On Thursday, Congresswoman Maxine Waters (D-CA), Chairwoman of the House Committee on Financial Services, wrote a letter to Federal Reserve Chairman Jerome Powell, Federal Deposit Insurance Corporation Chairman Jelena McWilliams, Consumer Financial Protection Bureau Director Kathy Kraninger, Comptroller of the Currency Joseph Otting, and National Credit Union Administration Chairman Mark McWatters, urging the regulators to consider the needs of consumers who may be experiencing temporary financial hardship in meeting credit obligations as a result of the Trump shutdown.
In the letter, Chairwoman Waters requested immediate actions by the regulators to, at the very least, reaffirm a joint statement the agencies issued in 2013 to provide guidance to their regulated financial institutions to ensure the over 800,000 federal employees and others affected by the Trump shutdown are not punished as a result of a temporary period of financial stress.
“I am confident that such actions will inspire creditors to consider adjusting or altering terms on the existing payments for car, private education or student loans, mortgages, credit card payments and other outstanding credit obligations,” the Chairwoman wrote. “This is important to ensure that customers can meet loan payments and avoid high fees and other penalties that they may otherwise incur. Through no fault of their own, some affected federal employees and others, such as federal contractors, may be unable to pay all their bills on-time because of the shutdown. Once negative information is reported to consumer reporting agencies, affected employees are likely to see a reduction in their credit scores. This may limit their ability to access credit or result in their being offered higher rates and more costly terms on credit in the future.”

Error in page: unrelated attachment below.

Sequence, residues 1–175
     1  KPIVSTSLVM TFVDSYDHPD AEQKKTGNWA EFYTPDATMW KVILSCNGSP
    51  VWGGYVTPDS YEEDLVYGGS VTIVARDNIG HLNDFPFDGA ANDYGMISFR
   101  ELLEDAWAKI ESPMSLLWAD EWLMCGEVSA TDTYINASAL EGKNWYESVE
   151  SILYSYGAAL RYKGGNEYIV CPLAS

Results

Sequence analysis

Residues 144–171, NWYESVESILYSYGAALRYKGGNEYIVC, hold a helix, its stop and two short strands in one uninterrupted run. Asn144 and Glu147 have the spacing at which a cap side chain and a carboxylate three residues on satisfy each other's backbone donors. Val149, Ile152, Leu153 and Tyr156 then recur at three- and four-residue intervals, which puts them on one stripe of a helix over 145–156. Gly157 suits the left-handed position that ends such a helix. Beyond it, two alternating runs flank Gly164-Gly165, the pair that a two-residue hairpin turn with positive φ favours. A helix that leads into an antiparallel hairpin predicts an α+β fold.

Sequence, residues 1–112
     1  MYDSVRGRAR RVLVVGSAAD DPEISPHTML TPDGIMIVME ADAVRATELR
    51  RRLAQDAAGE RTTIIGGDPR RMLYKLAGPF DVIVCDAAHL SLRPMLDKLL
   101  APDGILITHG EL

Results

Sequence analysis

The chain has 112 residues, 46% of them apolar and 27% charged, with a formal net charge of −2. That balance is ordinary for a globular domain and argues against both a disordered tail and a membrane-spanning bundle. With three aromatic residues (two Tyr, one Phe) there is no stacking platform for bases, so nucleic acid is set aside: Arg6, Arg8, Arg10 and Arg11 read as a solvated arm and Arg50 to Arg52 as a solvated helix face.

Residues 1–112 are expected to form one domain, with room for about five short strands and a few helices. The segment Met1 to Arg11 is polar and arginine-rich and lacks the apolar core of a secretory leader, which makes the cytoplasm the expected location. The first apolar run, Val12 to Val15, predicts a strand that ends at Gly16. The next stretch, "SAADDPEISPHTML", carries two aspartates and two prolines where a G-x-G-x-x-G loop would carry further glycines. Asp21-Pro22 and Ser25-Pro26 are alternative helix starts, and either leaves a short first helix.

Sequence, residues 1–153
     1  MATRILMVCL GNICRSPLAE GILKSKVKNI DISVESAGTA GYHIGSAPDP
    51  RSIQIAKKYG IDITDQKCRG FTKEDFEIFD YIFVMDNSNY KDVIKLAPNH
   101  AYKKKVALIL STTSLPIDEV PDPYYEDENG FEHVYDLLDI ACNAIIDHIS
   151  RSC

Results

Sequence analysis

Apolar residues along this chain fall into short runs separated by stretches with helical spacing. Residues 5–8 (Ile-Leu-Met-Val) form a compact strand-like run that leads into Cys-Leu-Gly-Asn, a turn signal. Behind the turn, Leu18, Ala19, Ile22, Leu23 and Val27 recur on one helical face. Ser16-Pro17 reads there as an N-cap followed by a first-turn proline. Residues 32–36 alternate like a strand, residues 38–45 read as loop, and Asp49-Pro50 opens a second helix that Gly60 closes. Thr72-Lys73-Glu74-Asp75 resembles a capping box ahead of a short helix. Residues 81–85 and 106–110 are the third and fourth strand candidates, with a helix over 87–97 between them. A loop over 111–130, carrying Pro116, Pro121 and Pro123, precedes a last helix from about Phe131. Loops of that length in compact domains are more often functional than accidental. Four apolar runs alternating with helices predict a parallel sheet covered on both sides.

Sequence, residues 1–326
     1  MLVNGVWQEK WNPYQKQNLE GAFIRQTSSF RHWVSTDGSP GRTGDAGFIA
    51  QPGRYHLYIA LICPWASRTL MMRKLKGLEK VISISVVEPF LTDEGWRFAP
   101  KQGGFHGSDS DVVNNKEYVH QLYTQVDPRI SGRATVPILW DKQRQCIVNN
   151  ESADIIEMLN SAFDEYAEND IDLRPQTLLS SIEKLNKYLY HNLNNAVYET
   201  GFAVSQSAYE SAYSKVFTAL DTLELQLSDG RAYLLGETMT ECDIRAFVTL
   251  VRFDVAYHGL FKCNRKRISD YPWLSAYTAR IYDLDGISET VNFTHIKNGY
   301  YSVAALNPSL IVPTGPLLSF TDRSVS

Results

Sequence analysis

See below for the full text of the letter.
The Honorable Jerome H. Powell
Board of Governors of the
Federal Reserve System
20th Street & Constitution Avenue, NW
Washington, DC 20551
The Honorable Joseph M. Otting
Comptroller of the Currency
Office of the Comptroller of the Currency
400 7th Street, SW
Washington, D.C. 20219
The Honorable Jelena McWilliams
Federal Deposit Insurance Corporation
550 17th Street, NW
Washington, DC 20429
The Honorable J. Mark McWatters
National Credit Union Administration
1775 Duke Street
Alexandria, VA 22314-3428
The Honorable Kathy Kraninger
Consumer Financial Protection Bureau
1700 G Street, NW
Washington, DC 20552